Developing the skills of young people excluded from mainstream education


We believe that all young people should have the opportunity to lead creative lives, no matter their circumstances or needs.

Our Build project uses the arts to develop relationships, emotional literacy and communication skills of young people excluded from mainstream education.

We work with young people schooled in primary and secondary Pupil Referral Units (PRU’s) ; usually as a result of their previous school placement having broken down through ill health, behaviour issues or other difficulties. Many of the young people we work with have had adverse childhood experiences, often resulting in trauma and mental health needs.

Reasons Why


8 / 10

8 out of 10 young people within PRUs have a special education need or disability



Boys are 3 times more likely to be asked to leave their school than girls



More than half of UK prisoners have been excluded from school

Participatory arts activities with children and young people improve their cognitive, linguistic, social and emotional development.


Our experienced artists respond to the interests of young people, creating a space for expression and dialogue using visual arts, drama and discussion. The application of these unique trauma-informed practices work alongside young people, accepting their often complex needs and behaviours to respond with playfulness, curiosity and empathy.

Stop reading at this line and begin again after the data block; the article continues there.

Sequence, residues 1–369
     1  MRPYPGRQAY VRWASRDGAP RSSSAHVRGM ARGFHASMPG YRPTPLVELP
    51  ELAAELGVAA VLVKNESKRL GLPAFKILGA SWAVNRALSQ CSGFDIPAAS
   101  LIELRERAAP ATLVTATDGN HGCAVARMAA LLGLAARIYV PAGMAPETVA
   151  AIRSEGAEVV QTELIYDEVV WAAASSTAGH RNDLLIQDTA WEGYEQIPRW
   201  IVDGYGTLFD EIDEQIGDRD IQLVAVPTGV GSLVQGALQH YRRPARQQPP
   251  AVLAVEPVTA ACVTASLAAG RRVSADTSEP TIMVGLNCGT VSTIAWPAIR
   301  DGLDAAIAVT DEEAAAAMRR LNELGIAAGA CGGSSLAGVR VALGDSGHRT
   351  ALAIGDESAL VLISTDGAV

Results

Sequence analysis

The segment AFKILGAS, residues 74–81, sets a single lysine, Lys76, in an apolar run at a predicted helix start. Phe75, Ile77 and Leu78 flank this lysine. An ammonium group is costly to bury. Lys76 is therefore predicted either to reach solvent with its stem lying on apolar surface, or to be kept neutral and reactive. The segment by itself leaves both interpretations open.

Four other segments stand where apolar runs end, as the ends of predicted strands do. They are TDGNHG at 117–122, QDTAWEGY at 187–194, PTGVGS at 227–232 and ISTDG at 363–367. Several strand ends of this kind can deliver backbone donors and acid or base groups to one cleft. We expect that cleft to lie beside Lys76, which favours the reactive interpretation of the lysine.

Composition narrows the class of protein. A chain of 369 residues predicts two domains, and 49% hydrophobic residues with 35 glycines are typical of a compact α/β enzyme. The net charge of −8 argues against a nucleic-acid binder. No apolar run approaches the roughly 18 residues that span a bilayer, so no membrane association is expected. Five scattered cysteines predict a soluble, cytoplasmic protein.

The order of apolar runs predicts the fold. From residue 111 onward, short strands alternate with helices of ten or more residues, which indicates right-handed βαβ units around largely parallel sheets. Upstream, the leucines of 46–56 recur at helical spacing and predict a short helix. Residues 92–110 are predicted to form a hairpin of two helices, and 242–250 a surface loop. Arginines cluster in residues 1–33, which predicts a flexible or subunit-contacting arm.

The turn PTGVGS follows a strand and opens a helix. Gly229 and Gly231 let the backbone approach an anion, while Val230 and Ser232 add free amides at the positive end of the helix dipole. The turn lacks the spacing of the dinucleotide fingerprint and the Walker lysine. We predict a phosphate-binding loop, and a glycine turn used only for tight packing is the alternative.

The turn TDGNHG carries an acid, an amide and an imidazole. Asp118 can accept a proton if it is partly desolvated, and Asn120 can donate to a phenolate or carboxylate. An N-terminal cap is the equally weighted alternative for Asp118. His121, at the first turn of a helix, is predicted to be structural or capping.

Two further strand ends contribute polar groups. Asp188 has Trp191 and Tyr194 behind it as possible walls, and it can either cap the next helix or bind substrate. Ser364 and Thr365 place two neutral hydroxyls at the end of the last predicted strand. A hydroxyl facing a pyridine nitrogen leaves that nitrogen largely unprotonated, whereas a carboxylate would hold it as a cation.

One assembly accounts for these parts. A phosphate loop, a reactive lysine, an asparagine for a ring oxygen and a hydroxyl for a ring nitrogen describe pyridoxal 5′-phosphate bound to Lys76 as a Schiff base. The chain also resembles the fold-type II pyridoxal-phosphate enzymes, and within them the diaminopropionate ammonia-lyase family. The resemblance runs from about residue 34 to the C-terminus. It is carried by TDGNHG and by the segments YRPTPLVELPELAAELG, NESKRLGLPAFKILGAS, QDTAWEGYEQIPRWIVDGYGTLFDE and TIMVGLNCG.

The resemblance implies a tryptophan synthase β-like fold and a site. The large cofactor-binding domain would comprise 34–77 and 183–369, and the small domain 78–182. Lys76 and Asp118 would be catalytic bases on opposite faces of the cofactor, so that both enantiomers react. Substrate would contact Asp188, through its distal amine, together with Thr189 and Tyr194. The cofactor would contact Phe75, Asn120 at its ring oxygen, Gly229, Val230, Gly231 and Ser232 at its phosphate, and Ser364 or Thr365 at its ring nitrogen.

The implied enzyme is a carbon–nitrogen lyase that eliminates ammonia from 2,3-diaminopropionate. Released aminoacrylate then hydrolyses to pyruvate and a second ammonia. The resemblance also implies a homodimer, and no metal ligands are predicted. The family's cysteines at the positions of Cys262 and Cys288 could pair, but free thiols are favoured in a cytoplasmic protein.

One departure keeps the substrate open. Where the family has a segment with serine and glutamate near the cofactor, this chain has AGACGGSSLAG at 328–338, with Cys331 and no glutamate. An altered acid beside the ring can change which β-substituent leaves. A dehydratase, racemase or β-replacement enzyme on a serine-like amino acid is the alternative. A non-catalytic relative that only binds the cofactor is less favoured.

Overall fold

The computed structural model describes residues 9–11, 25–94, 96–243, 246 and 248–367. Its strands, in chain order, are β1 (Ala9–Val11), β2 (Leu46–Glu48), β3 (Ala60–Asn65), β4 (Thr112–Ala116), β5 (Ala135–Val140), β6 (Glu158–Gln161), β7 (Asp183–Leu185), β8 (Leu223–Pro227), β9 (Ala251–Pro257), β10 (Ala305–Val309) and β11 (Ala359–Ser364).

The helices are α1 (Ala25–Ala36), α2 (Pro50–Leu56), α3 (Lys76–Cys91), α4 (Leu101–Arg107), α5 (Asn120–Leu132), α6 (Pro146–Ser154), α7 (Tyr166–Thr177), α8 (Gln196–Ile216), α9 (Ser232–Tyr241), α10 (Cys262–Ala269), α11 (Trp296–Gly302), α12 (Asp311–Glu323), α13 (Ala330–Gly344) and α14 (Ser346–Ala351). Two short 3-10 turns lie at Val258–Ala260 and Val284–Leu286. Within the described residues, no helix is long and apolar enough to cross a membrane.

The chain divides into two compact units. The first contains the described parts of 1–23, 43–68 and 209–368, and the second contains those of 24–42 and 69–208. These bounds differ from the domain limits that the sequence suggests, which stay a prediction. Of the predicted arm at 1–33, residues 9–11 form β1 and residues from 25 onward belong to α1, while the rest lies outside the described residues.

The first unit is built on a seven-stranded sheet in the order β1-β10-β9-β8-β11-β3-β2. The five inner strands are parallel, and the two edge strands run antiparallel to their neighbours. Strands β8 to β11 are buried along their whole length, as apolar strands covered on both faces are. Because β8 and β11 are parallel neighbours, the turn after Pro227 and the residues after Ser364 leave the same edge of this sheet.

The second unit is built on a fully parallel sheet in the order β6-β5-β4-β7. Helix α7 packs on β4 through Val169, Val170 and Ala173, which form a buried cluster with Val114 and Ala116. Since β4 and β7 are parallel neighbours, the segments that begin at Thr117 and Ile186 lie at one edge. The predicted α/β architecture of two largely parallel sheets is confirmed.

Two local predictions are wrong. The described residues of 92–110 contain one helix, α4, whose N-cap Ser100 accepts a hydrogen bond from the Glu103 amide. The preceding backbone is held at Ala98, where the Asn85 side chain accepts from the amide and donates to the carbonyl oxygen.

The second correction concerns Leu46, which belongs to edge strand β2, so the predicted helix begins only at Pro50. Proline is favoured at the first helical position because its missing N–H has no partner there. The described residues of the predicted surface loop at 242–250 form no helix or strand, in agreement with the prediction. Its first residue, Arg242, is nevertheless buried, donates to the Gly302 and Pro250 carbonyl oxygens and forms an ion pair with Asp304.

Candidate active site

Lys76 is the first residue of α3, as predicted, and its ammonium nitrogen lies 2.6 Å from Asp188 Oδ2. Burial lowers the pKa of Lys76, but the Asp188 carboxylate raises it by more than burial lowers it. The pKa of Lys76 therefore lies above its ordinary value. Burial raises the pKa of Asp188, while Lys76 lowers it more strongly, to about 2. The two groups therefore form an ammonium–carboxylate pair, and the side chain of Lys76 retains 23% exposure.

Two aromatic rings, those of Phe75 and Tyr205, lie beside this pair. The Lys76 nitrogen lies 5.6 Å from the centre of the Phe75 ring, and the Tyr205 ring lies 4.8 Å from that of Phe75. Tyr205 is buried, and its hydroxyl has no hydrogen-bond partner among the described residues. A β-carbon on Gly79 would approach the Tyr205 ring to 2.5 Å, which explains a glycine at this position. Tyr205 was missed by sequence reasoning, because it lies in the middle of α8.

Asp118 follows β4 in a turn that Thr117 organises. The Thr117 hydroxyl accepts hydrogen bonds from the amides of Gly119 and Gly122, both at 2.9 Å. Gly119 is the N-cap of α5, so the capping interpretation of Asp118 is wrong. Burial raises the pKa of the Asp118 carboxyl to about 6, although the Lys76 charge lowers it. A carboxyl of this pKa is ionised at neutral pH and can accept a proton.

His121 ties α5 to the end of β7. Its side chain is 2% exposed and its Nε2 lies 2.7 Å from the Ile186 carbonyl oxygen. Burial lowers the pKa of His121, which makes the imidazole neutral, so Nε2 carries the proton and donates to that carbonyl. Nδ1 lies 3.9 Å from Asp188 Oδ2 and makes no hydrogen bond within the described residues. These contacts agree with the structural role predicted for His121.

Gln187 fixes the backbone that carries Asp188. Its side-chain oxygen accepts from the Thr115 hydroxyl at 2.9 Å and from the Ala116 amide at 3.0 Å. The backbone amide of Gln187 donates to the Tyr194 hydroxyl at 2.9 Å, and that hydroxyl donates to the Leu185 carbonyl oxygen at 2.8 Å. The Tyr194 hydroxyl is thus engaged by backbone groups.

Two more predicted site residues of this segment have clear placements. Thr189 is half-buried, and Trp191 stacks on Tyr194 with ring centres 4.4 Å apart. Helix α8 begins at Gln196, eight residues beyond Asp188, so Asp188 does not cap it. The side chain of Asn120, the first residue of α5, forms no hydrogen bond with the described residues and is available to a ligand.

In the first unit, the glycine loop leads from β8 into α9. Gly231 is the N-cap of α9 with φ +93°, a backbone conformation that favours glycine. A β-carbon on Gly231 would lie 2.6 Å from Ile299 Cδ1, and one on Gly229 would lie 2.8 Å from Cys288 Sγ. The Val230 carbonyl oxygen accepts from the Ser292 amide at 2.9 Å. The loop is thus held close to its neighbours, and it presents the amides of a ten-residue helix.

Through collaborative engagement, our aim is to increase young people’s capacity for self-reflection, stress regulation and conflict resolution, developing transferrable skills through the arts. 

I felt listened to by the adults because they take in all the ideas that we come up with. It’s important to have space and talk. The sessions have been good for my confidence, I feel better.
— Participant - Build

Work with us

If you would like to find out more about our unique trauma informed approaches, and how they might work in your setting please get in touch:


This work has been generously funded by the East End Community Foundation, the Mount Trust and the Young Londoners Fund.

Kazzum have been working with some of our most vulnerable students who present as withdrawn, with low self-esteem and emotional and behavioural issues. They have been providing sessions for a girls’ only group, focusing on self-esteem, consent, personal development and other pertinent issues.  Kazzum’s input has been invaluable .
— Astrid Schon, Deputy Headteacher, London East Alternative Provision